Now if you'll excuse me, I have some incriminating little chocolate crumbs to wipe off my face before the first bell rings.

Friday, February 05, 2010

new york times gives h-town some love

A great read in the New York Times Travel section about my beloved hometown: Remixing Regional Flavors in Houston.

RARE is the city where a chef can set up tables inside a former car dealership and pack the house nightly. But on a recent evening in Houston, I sat inside that space, which as been reborn as Reef, a bustling, hyper-inventive seafood restaurant, and thought about the unusual fish on my plate: a Gulf of Mexico wahoo, to which the chef and co-owner Bryan Caswell had done unexpected, and unexpectedly delicious things.

I was thinking, too, about how, in the years since I left Houston, where I grew up, it's gone from a city where the high-end restaurants were as gilded as they were mostly mediocre to a place with a world-class food scene and a rising generation of culinary stars. Instead of playing catch-up to restaurant trends elsewhere, Houston's most talented chefs are finding their own voice: uncovering the food traditions of the area's ethnic populations, experimenting with little-known seafood varieties from the nearby gulf, and embracing Texas's strange agricultural rhythms.

$2,000 trash bag

For a mere $1,960, you too can own a Louis Vuitton ... TRASH BAG (aka the The Raindrop Besace purse).

It comes in green and brown, and it's waterproof.

Look for toilet paper scarves in LV's fall line.

Wednesday, February 03, 2010

wednesday waffles

I can't even begin to count everything that I'll miss about home once we've moved this summer. But one thing that I absolutely will not miss is our hectic, rushed, unbelievably crazy weekday morning schedule.

I will miss teaching very much. But I'm relishing the thought of being a stay-at-home-mom, spending time with Aidan, volunteering at his school, and all in all, setting a slower pace.

I basically have to be at work by 7:00 a.m. And in order to get Aidan up and out of bed (the most difficult task of the morning), dressed, fueled with breakfast, and loaded up in the car, extreme precision planning must be involved. From there I drop him off at school and then get myself to work, all before 7:15 (at the very latest). Oh yeah, then of course there's the extra nuisance of having to get myself dressed and presentable during all this madness. It ain't fun.

And if even the slightest hitch in the giddyup arises (i.e. rain, a lost shoe, spilled milk, a random tantrum), the whole routine is thrown into a tailspin, and we're both left frazzled -- not a great way to start the day. I've spent countless hours at work feeling guilty about sending my little guy off to school on the wrong foot after a particular insane morning.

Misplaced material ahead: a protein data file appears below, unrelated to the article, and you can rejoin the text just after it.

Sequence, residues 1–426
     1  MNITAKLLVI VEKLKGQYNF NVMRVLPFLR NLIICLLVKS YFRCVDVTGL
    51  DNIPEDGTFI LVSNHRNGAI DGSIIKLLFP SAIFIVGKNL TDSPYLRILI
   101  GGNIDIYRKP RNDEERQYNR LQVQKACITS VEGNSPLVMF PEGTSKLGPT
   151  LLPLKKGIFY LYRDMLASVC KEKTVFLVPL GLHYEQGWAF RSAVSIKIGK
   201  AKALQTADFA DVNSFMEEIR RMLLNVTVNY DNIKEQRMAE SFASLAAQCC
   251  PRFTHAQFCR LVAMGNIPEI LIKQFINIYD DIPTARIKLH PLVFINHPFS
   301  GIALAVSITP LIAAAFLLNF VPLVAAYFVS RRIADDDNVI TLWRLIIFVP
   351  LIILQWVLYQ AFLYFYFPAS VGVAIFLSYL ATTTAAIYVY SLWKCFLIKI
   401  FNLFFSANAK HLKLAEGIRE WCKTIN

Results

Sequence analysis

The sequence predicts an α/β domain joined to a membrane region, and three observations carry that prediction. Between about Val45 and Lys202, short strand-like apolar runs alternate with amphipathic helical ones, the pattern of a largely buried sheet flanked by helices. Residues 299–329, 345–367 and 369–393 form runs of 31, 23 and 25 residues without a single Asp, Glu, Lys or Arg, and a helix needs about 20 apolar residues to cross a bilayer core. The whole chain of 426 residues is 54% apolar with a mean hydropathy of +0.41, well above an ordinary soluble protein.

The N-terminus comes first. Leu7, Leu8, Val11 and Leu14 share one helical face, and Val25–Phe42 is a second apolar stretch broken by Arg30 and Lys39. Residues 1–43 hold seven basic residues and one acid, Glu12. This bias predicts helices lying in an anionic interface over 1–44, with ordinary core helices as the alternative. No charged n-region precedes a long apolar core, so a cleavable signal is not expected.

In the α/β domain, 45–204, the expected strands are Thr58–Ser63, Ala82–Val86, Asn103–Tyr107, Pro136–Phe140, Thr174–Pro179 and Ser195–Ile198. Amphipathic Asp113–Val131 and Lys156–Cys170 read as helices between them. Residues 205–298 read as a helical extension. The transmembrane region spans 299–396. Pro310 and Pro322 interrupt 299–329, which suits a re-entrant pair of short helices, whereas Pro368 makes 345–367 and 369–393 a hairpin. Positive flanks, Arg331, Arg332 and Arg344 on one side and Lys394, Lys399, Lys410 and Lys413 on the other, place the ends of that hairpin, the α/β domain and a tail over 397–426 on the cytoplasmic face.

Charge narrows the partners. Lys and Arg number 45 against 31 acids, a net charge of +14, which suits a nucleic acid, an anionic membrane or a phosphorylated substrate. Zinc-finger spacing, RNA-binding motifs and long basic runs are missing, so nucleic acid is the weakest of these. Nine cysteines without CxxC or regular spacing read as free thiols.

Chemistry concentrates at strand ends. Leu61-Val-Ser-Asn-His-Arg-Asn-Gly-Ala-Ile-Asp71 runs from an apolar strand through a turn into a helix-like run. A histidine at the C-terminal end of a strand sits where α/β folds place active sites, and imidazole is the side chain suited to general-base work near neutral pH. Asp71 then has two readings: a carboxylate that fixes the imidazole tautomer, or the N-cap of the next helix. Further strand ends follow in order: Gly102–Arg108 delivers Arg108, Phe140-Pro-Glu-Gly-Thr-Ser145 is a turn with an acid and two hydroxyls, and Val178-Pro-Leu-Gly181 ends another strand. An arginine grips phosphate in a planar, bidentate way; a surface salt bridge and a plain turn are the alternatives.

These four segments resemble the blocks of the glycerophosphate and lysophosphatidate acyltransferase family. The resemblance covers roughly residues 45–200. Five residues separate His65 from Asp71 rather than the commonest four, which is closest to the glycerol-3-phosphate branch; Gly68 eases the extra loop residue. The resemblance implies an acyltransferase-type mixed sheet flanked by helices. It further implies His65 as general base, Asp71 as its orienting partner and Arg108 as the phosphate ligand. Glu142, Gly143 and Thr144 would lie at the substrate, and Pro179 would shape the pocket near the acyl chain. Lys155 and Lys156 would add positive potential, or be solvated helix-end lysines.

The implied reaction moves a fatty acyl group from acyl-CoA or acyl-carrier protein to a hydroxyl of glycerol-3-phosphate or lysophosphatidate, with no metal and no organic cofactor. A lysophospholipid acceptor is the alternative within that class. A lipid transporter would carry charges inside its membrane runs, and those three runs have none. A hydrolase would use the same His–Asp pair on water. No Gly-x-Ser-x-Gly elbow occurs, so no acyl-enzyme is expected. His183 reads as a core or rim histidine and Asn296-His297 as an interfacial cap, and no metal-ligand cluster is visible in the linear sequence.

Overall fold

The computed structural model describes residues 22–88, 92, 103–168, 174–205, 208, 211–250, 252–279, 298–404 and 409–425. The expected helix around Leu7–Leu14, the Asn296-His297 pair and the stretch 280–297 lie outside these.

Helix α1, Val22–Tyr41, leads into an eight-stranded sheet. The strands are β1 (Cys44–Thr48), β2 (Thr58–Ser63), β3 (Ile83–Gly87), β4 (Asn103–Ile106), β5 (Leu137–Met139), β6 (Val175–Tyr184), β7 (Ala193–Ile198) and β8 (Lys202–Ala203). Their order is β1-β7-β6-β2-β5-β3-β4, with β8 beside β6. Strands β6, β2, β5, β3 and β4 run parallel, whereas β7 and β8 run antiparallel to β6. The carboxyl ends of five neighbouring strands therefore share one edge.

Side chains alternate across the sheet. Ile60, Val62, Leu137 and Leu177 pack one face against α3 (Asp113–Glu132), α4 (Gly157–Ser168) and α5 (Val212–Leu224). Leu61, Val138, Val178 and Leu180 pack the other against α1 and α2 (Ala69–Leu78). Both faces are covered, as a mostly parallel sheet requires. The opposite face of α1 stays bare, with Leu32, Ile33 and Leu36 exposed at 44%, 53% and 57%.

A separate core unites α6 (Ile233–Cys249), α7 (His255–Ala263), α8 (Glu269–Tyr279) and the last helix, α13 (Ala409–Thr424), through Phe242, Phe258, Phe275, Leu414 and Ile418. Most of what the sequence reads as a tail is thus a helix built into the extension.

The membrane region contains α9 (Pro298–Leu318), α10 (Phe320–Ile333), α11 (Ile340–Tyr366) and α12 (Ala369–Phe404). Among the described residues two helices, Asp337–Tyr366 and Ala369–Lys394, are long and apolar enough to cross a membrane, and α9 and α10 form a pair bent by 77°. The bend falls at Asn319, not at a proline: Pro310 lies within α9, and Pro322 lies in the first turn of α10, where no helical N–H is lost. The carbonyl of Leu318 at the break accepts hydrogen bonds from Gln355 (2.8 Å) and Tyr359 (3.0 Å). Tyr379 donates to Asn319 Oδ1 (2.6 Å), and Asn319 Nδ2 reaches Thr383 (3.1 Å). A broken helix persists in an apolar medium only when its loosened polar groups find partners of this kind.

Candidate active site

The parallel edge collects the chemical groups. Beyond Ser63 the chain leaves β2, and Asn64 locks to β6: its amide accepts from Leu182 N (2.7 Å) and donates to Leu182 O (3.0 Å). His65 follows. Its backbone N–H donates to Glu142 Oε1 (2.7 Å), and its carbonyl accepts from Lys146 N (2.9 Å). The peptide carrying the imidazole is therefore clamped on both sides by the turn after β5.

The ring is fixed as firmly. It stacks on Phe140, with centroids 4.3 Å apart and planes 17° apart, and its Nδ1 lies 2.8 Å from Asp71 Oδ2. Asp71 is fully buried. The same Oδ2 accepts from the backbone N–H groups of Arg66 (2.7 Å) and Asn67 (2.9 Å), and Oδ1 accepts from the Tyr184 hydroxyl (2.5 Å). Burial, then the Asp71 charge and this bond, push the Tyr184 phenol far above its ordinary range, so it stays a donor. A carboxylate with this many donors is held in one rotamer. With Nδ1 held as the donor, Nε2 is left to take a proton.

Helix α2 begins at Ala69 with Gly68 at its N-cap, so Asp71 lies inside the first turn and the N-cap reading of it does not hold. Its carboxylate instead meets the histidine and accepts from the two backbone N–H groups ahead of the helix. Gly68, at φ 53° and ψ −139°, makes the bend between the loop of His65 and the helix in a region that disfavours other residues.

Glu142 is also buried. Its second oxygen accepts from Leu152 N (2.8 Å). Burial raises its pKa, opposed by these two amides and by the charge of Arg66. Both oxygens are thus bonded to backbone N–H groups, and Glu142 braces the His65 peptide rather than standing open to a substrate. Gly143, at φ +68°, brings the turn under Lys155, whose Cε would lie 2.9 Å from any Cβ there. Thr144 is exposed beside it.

So needless to say, I can't wait to spend a bit more leisure time together in the mornings once we're up in Boston. I'm not saying we'll be eating crêpes and drinking mimosas every morning, but the simple fact that I won't be racing around the house like a madwoman at 6 a.m. will be a huge change.

And best of all, I won't be doing it all by myself anymore.

This morning we got a little preview of what's [hopefully] to come.

I have an appointment today, so I took the day off work. Aidan was able to sleep in until 7:30 (this is huge), and then we made Belgian waffles and watched a recorded episode of the new Team Umizoomi (don't ask) that he's been dying to see. Then we got ready and headed out the door for a super day at preschool, with a full belly and some good family time under our belts.

All in all, a TERRIFIC way to start a Wednesday.

Monday, February 01, 2010

fleur de sel caramels

I've wanted to make these for months, and a cold Sunday hangin' with Mom and Beverly was the perfect opportunity to finally do so.

Oh, and they're even better than they look.

Recipe from Gourmet, October 2004.


  • 1 cup heavy cream
  • 5 tablespoons unsalted butter, cut into pieces
  • 1 teaspoon fleur de sel (add extra for garnish, if desired)
  • 1 1/2 cups sugar
  • 1/4 cup light corn syrup
  • 1/4 cup water


Line bottom and sides of an 8-inch square baking pan with parchment paper, then lightly oil parchment.

Bring cream, butter, and fleur de sel to a boil in a small saucepan, then remove from heat and set aside.

Boil sugar, corn syrup, and water in a 3- to 4-quart heavy saucepan, stirring until sugar is dissolved. Boil, without stirring but gently swirling pan, until mixture is a light golden caramel.

Carefully stir in cream mixture (mixture will bubble up) and simmer, stirring frequently, until caramel registers 248°F on thermometer, 10 to 15 minutes. Pour into baking pan and cool 2 hours. Cut into 1-inch pieces, sprinkle with fleur de sel, then wrap each piece in a 4-inch square of wax paper, twisting 2 ends to close.

yield: Makes about 40 candies